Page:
This time we introduced recommended itineraries for a trip to Nikko using the Nikko Pass all area. This pass is good for 4 days, so, after spending one day in Oku-Nikko and the second day in Nikko City, how about heading to Kinugawa Onsen or Nikko Edo Wonderland on your third and fourth days?
Kinugawa Onsen is a resort area with splendid nature and hot springs. We highly recommend a trek along Kinugawa River through the Ryuokyo Gorge, as well as a visit on Monkey Mountain, a place famous for the monkeys that greet the visitors, using the Kinugawa Onsen Ropeway.
As for the 4th day, how about visiting Tobu World Square, an architectural museum with miniature reproductions of 102 famous buildings from all around the world? You could also spend a day at the exciting Nikko Edo Wonderland, a historical theme park. Holders of the Nikko Pass benefit from discount entry fees to these facilities.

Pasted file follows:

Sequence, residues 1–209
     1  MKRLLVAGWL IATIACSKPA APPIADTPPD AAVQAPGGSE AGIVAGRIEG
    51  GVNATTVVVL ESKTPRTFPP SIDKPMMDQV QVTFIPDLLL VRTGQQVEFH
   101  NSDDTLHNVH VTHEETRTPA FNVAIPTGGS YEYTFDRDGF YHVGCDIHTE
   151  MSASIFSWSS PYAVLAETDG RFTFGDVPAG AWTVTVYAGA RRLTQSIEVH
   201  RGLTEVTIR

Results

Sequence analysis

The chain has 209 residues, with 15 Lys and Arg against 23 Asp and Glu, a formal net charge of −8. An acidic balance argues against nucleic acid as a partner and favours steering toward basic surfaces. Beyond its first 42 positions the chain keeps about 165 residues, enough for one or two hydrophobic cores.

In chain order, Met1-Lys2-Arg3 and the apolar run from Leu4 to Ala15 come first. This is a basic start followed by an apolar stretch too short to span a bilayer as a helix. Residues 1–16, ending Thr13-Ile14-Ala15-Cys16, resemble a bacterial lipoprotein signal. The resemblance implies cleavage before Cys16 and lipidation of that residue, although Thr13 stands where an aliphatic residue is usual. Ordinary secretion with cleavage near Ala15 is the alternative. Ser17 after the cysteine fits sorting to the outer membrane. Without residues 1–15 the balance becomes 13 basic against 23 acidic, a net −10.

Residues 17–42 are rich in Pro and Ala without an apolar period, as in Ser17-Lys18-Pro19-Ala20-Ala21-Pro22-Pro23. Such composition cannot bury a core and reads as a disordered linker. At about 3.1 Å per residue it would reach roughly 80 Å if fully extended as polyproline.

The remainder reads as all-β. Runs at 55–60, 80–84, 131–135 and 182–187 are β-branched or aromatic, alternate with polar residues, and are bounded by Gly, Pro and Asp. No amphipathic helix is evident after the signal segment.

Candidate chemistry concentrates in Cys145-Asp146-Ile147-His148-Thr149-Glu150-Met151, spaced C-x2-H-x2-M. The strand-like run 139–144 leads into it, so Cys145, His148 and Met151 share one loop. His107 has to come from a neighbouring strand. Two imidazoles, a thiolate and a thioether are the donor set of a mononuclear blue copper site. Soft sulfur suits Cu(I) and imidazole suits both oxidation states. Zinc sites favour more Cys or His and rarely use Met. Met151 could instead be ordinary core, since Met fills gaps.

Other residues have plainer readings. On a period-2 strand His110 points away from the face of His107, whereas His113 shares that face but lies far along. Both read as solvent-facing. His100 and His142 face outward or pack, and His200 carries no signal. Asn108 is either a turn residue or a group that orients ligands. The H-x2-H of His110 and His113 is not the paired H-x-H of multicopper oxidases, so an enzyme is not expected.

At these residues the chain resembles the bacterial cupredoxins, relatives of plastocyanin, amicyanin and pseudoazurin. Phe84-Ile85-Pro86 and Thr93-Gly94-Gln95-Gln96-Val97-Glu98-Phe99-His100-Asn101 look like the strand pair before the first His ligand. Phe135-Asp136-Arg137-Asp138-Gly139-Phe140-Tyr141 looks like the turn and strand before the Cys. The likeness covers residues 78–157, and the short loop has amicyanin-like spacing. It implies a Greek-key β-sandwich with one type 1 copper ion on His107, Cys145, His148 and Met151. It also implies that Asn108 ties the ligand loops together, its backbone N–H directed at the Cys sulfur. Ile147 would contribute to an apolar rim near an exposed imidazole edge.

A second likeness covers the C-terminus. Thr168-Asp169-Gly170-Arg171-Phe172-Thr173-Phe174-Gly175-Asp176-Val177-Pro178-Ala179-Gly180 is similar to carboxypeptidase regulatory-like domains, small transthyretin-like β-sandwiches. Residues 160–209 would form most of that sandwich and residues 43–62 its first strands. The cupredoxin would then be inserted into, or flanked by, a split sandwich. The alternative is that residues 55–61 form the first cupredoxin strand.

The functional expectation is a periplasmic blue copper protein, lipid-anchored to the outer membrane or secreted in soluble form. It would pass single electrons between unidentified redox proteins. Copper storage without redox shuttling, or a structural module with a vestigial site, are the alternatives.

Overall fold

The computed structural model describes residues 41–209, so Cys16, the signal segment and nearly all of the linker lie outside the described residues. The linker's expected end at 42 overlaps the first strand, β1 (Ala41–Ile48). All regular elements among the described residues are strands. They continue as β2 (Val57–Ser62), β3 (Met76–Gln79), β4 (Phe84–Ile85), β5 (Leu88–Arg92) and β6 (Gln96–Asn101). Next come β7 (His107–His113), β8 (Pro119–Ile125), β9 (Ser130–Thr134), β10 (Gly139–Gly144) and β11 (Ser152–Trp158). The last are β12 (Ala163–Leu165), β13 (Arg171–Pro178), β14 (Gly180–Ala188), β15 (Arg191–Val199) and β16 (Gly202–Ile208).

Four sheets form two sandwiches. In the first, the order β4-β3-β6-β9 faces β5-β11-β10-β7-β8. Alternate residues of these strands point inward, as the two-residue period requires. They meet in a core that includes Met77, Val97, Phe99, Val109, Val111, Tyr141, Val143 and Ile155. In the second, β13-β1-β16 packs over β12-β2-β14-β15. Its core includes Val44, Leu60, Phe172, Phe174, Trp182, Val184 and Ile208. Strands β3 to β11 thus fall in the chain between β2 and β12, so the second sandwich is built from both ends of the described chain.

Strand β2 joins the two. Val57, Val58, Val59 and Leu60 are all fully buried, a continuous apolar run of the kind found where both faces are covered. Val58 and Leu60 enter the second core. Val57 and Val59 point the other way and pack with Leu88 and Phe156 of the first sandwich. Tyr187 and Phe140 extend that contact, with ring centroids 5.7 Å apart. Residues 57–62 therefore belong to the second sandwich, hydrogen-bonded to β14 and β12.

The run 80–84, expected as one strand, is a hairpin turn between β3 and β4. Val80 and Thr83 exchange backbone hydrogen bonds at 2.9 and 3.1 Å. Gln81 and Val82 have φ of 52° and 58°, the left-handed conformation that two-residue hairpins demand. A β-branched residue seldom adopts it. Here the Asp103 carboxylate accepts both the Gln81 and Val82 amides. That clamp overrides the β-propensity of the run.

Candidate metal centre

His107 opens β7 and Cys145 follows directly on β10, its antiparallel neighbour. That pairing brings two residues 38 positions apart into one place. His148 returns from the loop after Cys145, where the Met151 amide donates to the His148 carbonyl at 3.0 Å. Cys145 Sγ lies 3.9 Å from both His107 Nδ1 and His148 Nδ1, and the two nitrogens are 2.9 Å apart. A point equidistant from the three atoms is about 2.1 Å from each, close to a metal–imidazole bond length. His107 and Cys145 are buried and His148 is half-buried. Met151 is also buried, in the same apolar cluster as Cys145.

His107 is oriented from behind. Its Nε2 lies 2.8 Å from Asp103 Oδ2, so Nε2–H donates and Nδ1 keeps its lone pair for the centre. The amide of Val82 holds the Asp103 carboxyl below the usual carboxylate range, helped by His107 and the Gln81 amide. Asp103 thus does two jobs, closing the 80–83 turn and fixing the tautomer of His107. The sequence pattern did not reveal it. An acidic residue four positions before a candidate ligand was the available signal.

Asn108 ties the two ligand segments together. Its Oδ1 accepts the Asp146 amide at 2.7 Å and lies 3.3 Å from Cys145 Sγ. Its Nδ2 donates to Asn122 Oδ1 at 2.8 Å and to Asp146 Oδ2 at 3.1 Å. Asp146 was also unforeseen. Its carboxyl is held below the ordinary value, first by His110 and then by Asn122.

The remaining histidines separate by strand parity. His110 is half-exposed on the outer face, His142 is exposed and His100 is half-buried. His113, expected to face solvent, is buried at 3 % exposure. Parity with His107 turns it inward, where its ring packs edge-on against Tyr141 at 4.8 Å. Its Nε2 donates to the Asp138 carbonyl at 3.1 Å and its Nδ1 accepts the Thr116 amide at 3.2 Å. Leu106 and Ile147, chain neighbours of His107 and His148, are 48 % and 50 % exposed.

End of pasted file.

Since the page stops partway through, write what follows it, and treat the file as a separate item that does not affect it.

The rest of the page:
Enjoy your trip using the Nikko Pass, the most convenient discount ticket for exploring the Nikko area!
Nikko Pass Trip Day 2 - Route Summary
Chuzenji Kanaya Hotel → Lake Chuzenji Boat House → Lake Chuzenji Boat Cruise → Lunch at Nikko Kanaya Hotel → World Heritage Sites (Toshogu Shrine, Rinnoji Temple, Nikko Futarasan Shrine) → Stay in Nikko or head to Kinugawa Onsen
Transportation: All the bus rides and the Lake Chuzenji Boat Cruise are included in the Nikko Pass (valid for 4 days: 4,600 yen)
Lunch: 2,100 yen
World Heritage Sites entry fees: approx. 2,040 yen in total
For more information on tourist sites in Nikko and the Nikko Pass, please visit this official webpage dedicated to the Nikko Pass.
To find out more about things to enjoy in the Nikko area, please consult this website: https://www.tobu.co.jp/en/
Supported by TOBU Railway Co., LTD.